No Respect

The Sad Saga of the Brown Eye Plymouth Match Racer

Let’s face it, the 1962 Dodges and Plymouths were not popular cars. Sure, a handful were built to introduce the 413 Max Wedge to the world of Super Stock drag racing, but for the most part these unusually styled cars were shunned to demolition derbies, taxi services (4-doors), rental fleets, and premature scrappage.

Based on the all-new down sized B-body platform - the press scorned their bony contours and odd details, calling them “plucked chickens”. Predictably sales fell by 20 percent versus their larger 1961 counterparts. It could have been a financial disaster but steady sales of the compact A-body Plymouth Valiant and Dodge Lancer (also bearing very unconventional sheet metal) cushioned the blow.

This may explain why a trio of Southern California hot rodders, Leroy Stuart, Bill Maggio and Mike Thermos, pooled their resources to build the blown, fuel 331 Hemi powered Brown Eye ’62 Plymouth match racer. The unflattering name and wacky construction indicates the guys were more interested in having fun than boosting the Plymouth’s image with drag strip spectators.

Before we make like proctologists and examine Brown Eye (sorry, couldn’t resist), let's learn a bit about how the ’62 Mopar line got screwed up in the first place. It is known that Virgil Exner was responsible for exterior styling at the time. This was the same guy who single handedly transitioned Chrysler Corporation styling from boring box-like machines to the exciting and profitable Forward Look finned beauties of the mid-Fifties. His work was so influential it forced GM and Ford to hastily re-think their design strategies.

For example, if you ever wondered why the 1958 Chevrolet styling cycle only lasted for one year, it’s because GM stylists got a look at the 1957 Chrysler product lines and knew their goose would be cooked if they didn’t re-think the entire Chevy design for 1959. The low, finned 1959 Chevy didn’t share anything with the ’58 – save for the new X-frame and driveline items. Exner’s work was that important.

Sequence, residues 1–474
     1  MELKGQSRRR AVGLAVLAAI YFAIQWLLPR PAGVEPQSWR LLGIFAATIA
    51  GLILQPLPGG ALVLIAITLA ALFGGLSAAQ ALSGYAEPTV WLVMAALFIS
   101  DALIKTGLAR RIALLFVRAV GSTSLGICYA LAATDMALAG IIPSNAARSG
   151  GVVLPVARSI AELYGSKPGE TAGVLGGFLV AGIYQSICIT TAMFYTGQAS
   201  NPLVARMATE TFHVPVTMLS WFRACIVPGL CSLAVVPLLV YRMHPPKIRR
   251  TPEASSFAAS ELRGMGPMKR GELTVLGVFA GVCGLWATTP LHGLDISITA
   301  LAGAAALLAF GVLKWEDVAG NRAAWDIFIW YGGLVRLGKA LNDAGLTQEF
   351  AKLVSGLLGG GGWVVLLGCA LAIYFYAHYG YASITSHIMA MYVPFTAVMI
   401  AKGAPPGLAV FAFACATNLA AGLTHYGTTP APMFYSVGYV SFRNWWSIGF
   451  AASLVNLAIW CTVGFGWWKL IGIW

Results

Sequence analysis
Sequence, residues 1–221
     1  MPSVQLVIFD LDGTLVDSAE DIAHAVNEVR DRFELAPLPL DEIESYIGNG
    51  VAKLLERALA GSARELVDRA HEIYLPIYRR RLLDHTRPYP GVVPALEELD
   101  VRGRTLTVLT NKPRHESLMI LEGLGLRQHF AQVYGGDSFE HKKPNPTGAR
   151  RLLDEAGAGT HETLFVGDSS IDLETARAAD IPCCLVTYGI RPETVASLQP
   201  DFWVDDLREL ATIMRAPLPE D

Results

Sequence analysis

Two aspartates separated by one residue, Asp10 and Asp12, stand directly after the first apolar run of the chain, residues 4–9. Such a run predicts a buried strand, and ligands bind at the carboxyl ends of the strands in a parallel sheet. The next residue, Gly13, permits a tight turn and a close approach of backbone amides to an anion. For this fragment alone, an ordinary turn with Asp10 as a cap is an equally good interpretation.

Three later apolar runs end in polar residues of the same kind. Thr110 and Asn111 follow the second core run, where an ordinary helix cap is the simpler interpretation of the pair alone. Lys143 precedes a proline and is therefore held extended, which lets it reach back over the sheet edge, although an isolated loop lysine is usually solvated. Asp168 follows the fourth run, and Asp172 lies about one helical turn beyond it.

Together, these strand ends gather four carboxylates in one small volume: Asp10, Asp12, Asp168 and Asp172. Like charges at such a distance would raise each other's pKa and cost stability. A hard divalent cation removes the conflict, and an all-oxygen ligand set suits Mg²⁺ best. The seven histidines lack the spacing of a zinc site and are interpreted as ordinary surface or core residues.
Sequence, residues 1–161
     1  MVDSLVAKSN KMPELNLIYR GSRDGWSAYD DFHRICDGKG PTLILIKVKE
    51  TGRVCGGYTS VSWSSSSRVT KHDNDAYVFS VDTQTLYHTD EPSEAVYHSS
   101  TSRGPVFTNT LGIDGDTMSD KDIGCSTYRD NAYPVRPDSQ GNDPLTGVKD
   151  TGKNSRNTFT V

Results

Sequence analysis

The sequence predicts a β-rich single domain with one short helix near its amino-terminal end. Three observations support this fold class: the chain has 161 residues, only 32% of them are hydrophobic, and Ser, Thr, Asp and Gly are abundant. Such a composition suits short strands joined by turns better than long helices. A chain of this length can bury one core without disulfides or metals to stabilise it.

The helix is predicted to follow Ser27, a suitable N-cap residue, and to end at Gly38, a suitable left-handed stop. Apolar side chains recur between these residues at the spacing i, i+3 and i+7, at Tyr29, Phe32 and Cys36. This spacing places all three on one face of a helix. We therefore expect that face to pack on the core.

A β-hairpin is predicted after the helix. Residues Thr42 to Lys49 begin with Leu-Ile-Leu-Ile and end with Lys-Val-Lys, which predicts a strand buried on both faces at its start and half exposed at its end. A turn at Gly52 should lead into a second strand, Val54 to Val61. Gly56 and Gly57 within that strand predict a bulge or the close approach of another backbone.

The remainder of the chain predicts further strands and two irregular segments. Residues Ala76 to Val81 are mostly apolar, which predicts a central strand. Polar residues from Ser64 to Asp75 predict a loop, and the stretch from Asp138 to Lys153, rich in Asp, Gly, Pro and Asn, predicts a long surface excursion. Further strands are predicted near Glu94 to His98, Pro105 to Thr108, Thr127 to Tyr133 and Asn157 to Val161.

So how did it all go wrong for ’62? After reading Peter Grist’s book Virgil Exner: Visioneer (available at www.velocebooks.com) we were shocked to learn that the lines, shapes and contours displayed on the 1962 production cars were initially meant to be applied to the larger C-body – where they’d have likely worked very well. It’s true. Exner’s styling department was working under the assumption that the larger C-body (as used under Dodge and Plymouth models since 1960) would be used to underpin the 1962 models as well.

But – and this has repeatedly been confirmed as fact – Chrysler Corp. second-in-command William C. Newberg was at a golf course with Chevy honcho Ed Cole in the summer of 1959. He misunderstood some remarks made about the upcoming 1962 compact Chevy II/Nova to mean that the entire Chevy line was being drastically down-sized for 1962. So Newberg immediately issued orders to reduce the size of the new 1962 Dodge and Plymouth cars.

What resulted was the mid-size B-body, and while variations of this new intermediate platform would go on to underpin everything from the Plymouth Road Runner to the Dodge Charger Daytona, the process of cramming Exner’s flowing lines onto this smaller package forced many compromises. In the end, the resulting ’62 Dodge and Plymouth mid-size cars were a sales flop and the blame was (incorrectly) placed on Exner’s shoulders.